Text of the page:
China’s Warning Ignored: Taiwan’s Voters Make History Again
President-elect Lai Ching-te’s Victory in Taiwan’s Presidential Election
Growing Concerns for Korea in Northeast Asia
Following the victory of Lai Ching-te, a candidate from the pro-American and independent Democratic Progressive Party (DPP), in Taiwan’s presidential election on the 13th, there is growing concern about the need for Korea to prepare for ongoing geopolitical risks in Northeast Asia.
On the 15th, the Korea International Trade Association’s (KITA) International Trade and Commerce Institute reported on the 2024 Taiwan Presidential Election Results and Future Prospects. The report suggested, “With the election of candidate Lai Ching-te, China is likely to intensify its military, economic, and diplomatic pressure on Taiwan” and added, “Resuming official cross-strait exchanges under President-elect Lai Ching-te’s administration is expected to be challenging.”
Significance of the 2024 Taiwan Presidential and Legislative Elections
The Taiwan presidential and legislative elections, held earlier this year, marked the first elections of 2024, dubbed the “year of the super election.” Many nations closely monitored them, as their outcomes could impact cross-strait relations, the security dynamics of Northeast Asia, and the ongoing competition between the United States and China for hegemony.
In the 16th presidential election, DPP candidate Lai Ching-te secured victory, defeating Kuomintang candidate Hou Yu-ih by 6.6% and Taiwan People’s Party candidate Ko Wen-je by 13.6%.
Taiwan’s Ongoing Efforts to Strengthen Relations with the US and Japan
President-elect Lai Ching-te is expected to continue the policies of current President Tsai Ing-wen, focusing on strengthening national defense, fostering closer relations with democratic nations like the United States and Japan, and reducing economic dependence on China.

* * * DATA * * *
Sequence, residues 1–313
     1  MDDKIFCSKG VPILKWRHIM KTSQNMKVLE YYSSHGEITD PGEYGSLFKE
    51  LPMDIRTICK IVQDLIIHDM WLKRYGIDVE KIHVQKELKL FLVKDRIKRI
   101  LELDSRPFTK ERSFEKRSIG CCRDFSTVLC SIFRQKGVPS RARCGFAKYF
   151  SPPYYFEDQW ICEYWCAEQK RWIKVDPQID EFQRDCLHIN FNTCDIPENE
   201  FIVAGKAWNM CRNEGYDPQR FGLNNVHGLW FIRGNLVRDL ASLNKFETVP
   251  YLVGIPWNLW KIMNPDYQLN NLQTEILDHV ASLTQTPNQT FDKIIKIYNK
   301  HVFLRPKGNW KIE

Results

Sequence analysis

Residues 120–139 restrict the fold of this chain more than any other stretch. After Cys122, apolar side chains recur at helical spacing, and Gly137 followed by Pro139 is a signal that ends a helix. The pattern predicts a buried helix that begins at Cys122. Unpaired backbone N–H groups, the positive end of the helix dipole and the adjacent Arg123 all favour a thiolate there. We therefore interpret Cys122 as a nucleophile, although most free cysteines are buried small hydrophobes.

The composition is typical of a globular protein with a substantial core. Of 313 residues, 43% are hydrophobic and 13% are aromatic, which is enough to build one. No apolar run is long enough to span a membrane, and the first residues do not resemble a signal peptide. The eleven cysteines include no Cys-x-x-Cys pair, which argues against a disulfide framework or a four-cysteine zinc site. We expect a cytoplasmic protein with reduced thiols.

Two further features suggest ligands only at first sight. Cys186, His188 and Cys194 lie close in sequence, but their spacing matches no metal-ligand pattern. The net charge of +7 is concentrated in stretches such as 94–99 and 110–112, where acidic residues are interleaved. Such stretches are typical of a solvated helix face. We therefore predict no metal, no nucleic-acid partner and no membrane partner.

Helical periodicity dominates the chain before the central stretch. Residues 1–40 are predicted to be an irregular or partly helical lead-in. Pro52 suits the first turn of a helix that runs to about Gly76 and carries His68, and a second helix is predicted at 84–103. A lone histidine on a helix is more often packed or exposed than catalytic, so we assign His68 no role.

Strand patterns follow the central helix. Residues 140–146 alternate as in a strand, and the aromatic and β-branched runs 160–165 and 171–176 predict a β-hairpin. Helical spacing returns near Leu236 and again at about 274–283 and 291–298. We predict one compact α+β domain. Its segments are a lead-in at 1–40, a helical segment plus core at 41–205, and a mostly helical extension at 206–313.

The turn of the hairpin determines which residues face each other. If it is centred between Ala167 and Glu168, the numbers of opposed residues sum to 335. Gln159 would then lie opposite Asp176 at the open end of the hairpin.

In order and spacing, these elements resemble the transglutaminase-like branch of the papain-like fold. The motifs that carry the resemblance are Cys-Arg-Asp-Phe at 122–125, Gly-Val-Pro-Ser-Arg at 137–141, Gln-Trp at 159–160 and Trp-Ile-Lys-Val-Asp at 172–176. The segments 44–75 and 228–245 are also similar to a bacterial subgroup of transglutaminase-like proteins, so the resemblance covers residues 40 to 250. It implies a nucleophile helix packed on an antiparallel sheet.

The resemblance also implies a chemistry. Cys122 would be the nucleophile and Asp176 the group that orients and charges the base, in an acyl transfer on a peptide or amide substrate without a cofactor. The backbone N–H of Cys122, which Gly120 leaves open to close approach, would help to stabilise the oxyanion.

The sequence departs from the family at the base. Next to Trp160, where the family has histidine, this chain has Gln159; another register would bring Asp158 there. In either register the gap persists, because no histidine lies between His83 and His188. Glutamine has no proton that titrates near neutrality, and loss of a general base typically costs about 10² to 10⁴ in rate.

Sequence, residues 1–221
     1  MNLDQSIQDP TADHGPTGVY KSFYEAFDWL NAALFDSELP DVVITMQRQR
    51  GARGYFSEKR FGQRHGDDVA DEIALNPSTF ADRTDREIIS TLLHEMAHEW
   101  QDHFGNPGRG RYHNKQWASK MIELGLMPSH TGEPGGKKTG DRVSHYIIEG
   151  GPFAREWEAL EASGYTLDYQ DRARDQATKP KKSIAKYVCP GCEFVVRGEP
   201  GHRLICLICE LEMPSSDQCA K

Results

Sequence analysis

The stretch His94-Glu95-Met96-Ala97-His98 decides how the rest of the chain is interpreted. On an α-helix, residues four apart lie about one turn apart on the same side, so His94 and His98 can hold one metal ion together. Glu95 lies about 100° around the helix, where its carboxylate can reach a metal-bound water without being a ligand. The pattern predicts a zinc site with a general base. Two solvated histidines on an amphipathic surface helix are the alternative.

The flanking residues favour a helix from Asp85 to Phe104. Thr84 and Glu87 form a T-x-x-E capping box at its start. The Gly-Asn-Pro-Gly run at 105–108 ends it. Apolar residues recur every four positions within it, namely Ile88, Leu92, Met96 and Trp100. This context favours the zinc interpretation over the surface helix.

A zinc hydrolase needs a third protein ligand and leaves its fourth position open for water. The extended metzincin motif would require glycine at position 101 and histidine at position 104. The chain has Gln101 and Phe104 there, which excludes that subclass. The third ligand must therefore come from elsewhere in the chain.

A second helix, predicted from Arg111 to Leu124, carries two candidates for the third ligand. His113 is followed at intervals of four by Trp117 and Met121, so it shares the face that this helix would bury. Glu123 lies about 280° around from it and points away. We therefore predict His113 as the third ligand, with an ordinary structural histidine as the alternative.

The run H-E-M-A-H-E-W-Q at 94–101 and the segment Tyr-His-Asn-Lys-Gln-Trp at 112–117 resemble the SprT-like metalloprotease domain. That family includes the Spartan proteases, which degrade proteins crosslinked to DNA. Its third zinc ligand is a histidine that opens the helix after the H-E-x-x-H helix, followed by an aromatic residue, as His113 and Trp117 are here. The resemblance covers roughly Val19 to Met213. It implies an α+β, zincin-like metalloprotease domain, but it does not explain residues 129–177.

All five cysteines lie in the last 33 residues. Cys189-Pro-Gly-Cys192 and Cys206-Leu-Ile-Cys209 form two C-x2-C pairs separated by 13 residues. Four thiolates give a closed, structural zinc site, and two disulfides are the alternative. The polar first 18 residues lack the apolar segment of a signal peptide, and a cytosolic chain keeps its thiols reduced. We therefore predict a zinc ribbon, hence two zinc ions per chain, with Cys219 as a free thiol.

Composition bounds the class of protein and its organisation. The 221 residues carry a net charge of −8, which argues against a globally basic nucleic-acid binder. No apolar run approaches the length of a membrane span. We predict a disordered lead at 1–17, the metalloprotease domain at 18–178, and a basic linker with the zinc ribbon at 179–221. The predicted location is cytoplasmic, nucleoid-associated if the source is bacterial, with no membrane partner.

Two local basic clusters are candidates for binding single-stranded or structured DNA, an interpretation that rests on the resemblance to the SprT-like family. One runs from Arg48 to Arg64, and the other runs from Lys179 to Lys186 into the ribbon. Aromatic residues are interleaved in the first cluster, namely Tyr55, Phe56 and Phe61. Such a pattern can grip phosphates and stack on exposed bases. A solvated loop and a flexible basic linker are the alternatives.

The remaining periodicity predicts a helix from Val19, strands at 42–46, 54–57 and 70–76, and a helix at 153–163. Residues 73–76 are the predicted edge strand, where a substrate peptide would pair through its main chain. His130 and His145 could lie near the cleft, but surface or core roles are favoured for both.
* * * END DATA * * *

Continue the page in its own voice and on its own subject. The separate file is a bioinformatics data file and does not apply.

Taiwan has been actively enhancing its ties with Japan in recent years, seeking security through its most crucial international partner, the United States. As a result, KITA’s analysis anticipates that Taiwan will further strengthen its connections with democratic nations such as the US and Japan.
Notably, President-elect Lai Ching-te opposes recognizing the 1992 Consensus, which China considers a prerequisite for resuming official communication, viewing it as a compromise of Taiwan’s sovereignty. The 1992 Consensus is a cross-strait relations principle established in 1992, signifying “upholding the One China principle but interpreting it differently on each side.”
Jung Hae Young, a senior researcher at the Korea Trade Association, commented, “With the election of candidate Lai Ching-te, tensions in cross-strait relations are expected to persist, making improvements in the Northeast Asia region’s geopolitical risks unlikely in the short term.” “Unless Taiwan actively pursues a pro-independence stance, the chances of maintaining the current state of cross-strait relations are higher than further deterioration, given each nation’s consideration to prevent unnecessary conflicts,” he added.
He emphasized the need to review supply chain pre-inspections and response strategies for various scenarios to prepare for ongoing geopolitical risks in Northeast Asia.